Comic Potential A Play

Alan Ayckbourn

Farrar, Straus and Giroux



Trade Paperback

96 Pages


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A sci-fi comedy-thriller, Comic Potential is set in a TV studio in the near future, where a director—an alcoholic has-been—and his assistants are making a daytime soap opera of the usual appalling sort. The difference is that they are using actoids—robots programmed to act—and there are no scriptwriters. Into this situation comes the idealistic Adam, nephew of the millionaire station owner, who wants to write comedy of the quality that Chaplin and Keaton once embodied. But when Adam falls in love with Jaycee Triplethree (JC333), one of the actoids on the show, everything is turned upside down as she grows more human and the line between actoid and human narrows further. When Jaycee finally cries out in anguish that she can't say anything she hasn't been programmed to say, Adam points out that no one ever says anything original anyway.

Comic Potential is a comedy set in the foreseeable future when everything has changed except human nature.

Alan Ayckbourn's fifty-third full-length play was presented at the Stephen Joseph Theatre, Scarborough, in 1998 and received its West End premiere at the Lyric Theatre, Shaftesbury Avenue, in October 1999.


Praise for Comic Potential

'As with all Ayckbourn's best plays you are watching a comedy-farce and suddenly find that tragedy comes out of the woodwork and grins at you . . . Like all serious comedies, Comic Potential hurts you with the sheer exuberance of its laughter and liberates you with its seriousness . . . The master of Scarborough is still on top form."—The Sunday Times

"He is a profoundly moral writer and . . . has reached a new synthesis between the comic and the serious—the painfully funny . . . We are a fortunate age to have had our own Molière."—Sir Peter Hall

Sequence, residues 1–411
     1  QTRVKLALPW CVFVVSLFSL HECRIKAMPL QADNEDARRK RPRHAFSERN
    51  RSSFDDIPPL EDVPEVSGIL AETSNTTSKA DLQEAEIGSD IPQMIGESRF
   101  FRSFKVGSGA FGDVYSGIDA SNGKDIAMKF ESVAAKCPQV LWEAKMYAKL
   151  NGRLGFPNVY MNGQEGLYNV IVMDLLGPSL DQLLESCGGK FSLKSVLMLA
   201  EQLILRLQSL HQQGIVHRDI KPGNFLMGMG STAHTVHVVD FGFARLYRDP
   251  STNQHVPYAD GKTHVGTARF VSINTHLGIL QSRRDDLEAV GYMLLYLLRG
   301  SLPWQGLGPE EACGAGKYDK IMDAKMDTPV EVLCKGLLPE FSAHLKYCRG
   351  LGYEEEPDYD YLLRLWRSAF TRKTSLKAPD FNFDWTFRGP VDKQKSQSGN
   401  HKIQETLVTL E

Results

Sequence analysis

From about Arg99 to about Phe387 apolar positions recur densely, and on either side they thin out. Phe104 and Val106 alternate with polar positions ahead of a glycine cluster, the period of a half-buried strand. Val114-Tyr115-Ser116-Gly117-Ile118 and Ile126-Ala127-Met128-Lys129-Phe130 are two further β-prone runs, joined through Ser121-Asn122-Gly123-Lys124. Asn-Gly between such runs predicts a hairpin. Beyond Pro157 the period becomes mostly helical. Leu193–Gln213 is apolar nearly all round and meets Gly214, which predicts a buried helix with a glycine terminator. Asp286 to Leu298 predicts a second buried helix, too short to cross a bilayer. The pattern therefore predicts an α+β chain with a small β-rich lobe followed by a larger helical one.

Reviews from Goodreads



  • Alan Ayckbourn

  • Born in London in 1939, Alan Ayckbourn spent most of his childhood in Sussex and was educated at Haileybury. Leaving there one Friday at the age of seventeen, he went into the theatre the following Monday and has been working in it ever since as, variously, a stage manager, sound technician, scene painter, prop-maker, actor, writer and director. These last two talents he developed thanks to his mentor, Stephen Joseph, whom he first met in 1958 upon joining his newly formed Studio Theatre Company in Scarborough. A BBC Radio Drama Producer from 1965 to 1970, upon the death of Stephen Joseph, he returned to Scarborough to become the company's Artistic Director. He holds the post to this day, though the theatre is now named after its founder. He is the author of over fifty plays, most of which received their first performance at this Yorkshire theatre, were he spends the greater part of the year directing other people's work. More than half of his plays have subsequently been produced in the West End, at the Royal National Theatre or at the Royal Shakespeare Company. They have been translated into over thirty languages, are seen on stage and television throughout the world, and have received many national and international awards. Alan Ayckbourn was appointed a CBE in 1987 and in 1997 became to first playwright knighted since Terence Rattigan. He lives in London.

  • Alan Ayckbourn